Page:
Find kittens? Here's what to do

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It’s the most wonderful time of the year — kitten season!

While the new fur babies are keeping us busy at Animal Humane Society, we wanted to take a moment to share some important reminders about litters you may come across in your community.

Leave the kittens with their mom

First and foremost, remember that a kitten’s best chance of survival is with its mother. If you find a litter of kittens with their mother, resist the urge to move them. If the mother cat isn’t there, she still might be close by! Mama cats likely won’t return to their litters while people stand by.

If you’re able, check on the litter and take notice of how they look. It’s a safe bet that a cozy litter sleeping soundly was recently fed. Give the kittens space and check on them again in a few hours to see if mom has returned or paid another visit.

If the kittens look sick, bring them to AHS

If the kittens look gaunt or sick, there’s a good chance they’ve been abandoned. In this case, bring them to AHS where the kittens will receive the lifesaving care they need. Contact the Pet Helpline if you have any questions about bringing in the kittens.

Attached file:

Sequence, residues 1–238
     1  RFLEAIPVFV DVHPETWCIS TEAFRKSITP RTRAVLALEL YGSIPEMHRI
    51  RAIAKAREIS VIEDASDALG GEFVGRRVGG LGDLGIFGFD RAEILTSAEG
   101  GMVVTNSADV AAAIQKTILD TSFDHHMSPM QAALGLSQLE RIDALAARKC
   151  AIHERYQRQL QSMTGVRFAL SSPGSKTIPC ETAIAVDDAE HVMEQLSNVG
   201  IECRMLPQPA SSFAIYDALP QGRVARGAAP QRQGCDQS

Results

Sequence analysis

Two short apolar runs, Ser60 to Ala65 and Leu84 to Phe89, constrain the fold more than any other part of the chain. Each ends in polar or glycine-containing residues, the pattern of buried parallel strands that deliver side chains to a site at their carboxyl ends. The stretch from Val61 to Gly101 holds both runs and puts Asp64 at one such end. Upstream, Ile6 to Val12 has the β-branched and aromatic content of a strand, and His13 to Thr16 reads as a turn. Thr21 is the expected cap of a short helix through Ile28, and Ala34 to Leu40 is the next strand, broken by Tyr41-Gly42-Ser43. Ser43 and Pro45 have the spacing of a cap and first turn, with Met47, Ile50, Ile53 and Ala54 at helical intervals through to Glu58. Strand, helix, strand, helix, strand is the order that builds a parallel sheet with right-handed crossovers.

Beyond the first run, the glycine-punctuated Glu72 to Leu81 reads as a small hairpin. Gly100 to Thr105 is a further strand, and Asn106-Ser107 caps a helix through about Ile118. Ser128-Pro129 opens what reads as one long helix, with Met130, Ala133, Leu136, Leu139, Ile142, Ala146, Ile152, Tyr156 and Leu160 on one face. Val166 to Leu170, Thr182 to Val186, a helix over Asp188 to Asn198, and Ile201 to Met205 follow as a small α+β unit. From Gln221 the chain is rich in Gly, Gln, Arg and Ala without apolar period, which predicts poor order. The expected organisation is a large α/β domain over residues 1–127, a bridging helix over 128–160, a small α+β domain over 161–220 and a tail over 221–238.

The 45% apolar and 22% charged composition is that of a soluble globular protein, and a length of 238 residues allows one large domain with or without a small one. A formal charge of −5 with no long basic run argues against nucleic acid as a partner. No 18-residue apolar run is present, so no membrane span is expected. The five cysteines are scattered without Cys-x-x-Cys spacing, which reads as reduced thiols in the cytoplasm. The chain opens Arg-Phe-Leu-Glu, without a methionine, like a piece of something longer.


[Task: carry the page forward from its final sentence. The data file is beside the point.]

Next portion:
You may discover that a kitten (or two) seems unresponsive. You can try rubbing some Karo syrup or sugar water on their gums to raise blood sugar and revive them.

Only use special kitten formula to feed kittens

If you do attempt to feed any kittens, don’t feed them cow’s milk. Use special kitten formula or goat’s milk if formula is unavailable. Before you feed them, be sure that the kittens are warm. If they’re cold and look hungry, warm up the kitten first or they could face life-threatening complications.

Kitten season can be a busy and overwhelming time for animal shelters. Thanks to our generous donors and dedicated Bottle Baby volunteers, AHS is able to care for thousands of kittens each year.

We’re also continually working on reducing the number of unwanted litters in our communities through Animal Humane Society’s Community Cats program. Learn more about the program and what you can do to help.

For caring, compassionate advice and resources to address all your animal concerns.

Contact the Pet Helpline